Release details
The Pains Of Being Pure At Heart - Come Saturday - SOLD OUT!
7" Single

1. Come Saturday  [MP3]
2. Side Ponytail

"Come Saturday" is taken from The Pains Of Being Pure At Heart's smash hit debut album and shows exactly why so many people are excited about the band. A breathless rush of guitar noise married to a classic pop tune, "Come Saturday" shows the band's early MBV and Rocketship influences but isn't the least bit retro. It's pure Pains - timeless noisy pop played with energy and enthusiasm and featuring as finely-honed a tune as you'll hear all year. Exclusive B-side "Side Ponytail" is old skool Pains, and possibly one of their most indie-pop moments. Uptempo, instantly catchy and racing in just over two minutes, it's yet another example of the seeming effortlessness with which The Pains deliver perfect pop tunes. We guarantee you'll be playing this one on repeat.

All copies on limited edition see-thru green vinyl. A co-release with Slumberland Record (USA). Please support your local independent record label.


Rush-released before `Higher Than The Stars` heralds in another barrel-load of journalistic superlatives (and worth every one of them from what I`ve heard so far), `Come Saturday` is, however, ultimately deserving of a single outing of its own.

Adhering to a frenetic pace from the opening scratch to closing feedback, through frantic and chunky rhythm and measured harmonies, this was one of the songs which made the band`s eponymous debut such an addictive treat back in February...indeed, it`s still decidedly moreish now.

However, for most fans (and I include myself here) it`s the B-side, `Side Ponytail`, that is generating the most excitement around this release. With prior B-side, and the last new Pains release, `Ramona` still beggaring collective belief that such a wonderful piece of music could ever inhabit the flip of a 7" single, hopes for this track are as high as those for the new EP. Happily, here we find the Pains in an already vintage mode with their deceptively simple alt.rock fuzz and the vocal interplay between Kip Berman and Peggy Wang still note perfect. `Side Ponytail Forever!` they sing as the track fades out - you`ll be singing it too, mark my words. (Culturedeluxe)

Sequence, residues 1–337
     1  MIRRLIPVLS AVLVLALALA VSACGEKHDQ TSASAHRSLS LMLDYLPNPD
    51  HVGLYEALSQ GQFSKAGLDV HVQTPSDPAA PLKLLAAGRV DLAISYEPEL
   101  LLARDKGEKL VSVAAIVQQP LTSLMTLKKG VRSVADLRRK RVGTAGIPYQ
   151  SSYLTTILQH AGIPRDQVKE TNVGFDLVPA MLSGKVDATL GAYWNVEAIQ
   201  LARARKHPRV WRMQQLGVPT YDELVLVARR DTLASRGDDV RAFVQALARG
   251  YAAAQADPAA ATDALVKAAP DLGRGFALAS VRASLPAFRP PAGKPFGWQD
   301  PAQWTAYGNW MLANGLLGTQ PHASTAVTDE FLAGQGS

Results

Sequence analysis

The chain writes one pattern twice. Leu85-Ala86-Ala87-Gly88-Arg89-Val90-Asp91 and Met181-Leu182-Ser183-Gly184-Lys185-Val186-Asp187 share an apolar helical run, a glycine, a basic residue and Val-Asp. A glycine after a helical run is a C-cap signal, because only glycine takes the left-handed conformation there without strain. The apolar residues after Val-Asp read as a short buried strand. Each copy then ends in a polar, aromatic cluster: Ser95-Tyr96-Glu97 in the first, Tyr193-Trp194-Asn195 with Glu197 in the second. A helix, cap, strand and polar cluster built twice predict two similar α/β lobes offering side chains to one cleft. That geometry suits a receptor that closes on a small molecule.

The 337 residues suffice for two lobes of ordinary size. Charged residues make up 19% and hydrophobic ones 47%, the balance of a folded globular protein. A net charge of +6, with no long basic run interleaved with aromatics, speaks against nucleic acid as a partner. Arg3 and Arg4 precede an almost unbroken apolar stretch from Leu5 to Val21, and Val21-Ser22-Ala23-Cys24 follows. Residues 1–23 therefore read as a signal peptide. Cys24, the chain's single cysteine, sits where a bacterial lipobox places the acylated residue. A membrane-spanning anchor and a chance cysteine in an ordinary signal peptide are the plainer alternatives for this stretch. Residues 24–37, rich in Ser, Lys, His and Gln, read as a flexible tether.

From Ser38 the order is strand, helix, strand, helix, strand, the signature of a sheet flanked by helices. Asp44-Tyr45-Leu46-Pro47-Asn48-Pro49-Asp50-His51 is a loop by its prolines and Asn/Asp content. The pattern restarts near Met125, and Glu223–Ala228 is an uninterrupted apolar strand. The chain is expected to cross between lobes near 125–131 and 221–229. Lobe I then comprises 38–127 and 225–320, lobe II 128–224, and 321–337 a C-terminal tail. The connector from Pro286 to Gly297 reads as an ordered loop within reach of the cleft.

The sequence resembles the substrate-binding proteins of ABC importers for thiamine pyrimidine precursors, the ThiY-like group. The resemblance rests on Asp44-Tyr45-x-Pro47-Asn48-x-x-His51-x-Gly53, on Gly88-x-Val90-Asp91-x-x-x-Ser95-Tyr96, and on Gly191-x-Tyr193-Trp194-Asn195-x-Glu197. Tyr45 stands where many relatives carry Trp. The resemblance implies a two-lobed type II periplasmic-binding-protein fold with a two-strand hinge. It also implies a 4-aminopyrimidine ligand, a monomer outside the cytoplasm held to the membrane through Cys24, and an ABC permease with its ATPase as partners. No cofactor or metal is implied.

What can I say about The Pains of Being Pure at Heart that I haven't already spewed forth into the world? Not a lot really but I'm going to try and conjure up some new feelings towards this most delightful of musical groups.

So lets talk 'Come Saturday' the final single to be lifted from their eponymous debut album; which for me is up there with the best this year has had to offer. 'Come Saturday' is a bristling, up-lifting love-song that's set to a distorted cacophony of fuzz and feedback and you can just picture being bathed in a red warm glow as Kip and Peggy trade lilting boy-girl harmonies in-between Kip's deft, youthful vocals of "Come Saturday, come to stay, you come to stay in my arms". It's a sparkler of a track that for me isn't even the best thing on the debut album but it's a wonderful reminder of what The Pains Of Being Pure At Heart are all about. Now I have an urge to go get the album and play it on repeat again as if it's January all over again.

Backed with new track 'Side Ponytail'' bares a striking resemblance to the A-side. I guess it's just that fuzzing sound but 'Side Ponytail' is much more of an 80's style punk track like The Ramones if they were invaded by The Beach Boys and an unnamed female accomplice (I'm struggling with 80's softly spoken female vocalists here!). It's just another slice of the wonder that is The Pains of Being Pure at Heart and I for one cannot get enough. (Altsounds)

Once upon a time indie pop was as far away from its current definition as you could possibly imagine. Totally devoid of any corporate ambitions, and fully ensconced in its own beauty, this was the spirit of real independence captured within the music and attitude of those who made it. The Pastels, Talulah Gosh, The Jesus And Mary Chain (Mk1), The Flatmates, we salute you, every last one.

Which brings us onto today’s watered down model. The major record labels and radio playlist versions of indie; a vacuous, self-satisfied product that exists purely for the purpose of unit sales to a market raised on homogenous, consumer-driven lift muzak without any soul or shame.

Fortunately, there are some artists making music in the current climate with a conscience and a penchant for a good tune. New York four-piece The Pains Of Being Pure At Heart are among them, and ‘Come Saturday’ just might be the fizziest, most incessant three minutes of sprightly pop these ears have been exposed to all year. Combining the glorious, pastel-shaded fuzz of a pre-Creation My Bloody Valentine with the danceable quirkiness of The Shins, ‘Come Saturday’ is one of those songs that demands your attention and then won’t go away for months, not that you’d particularly want it to, of course…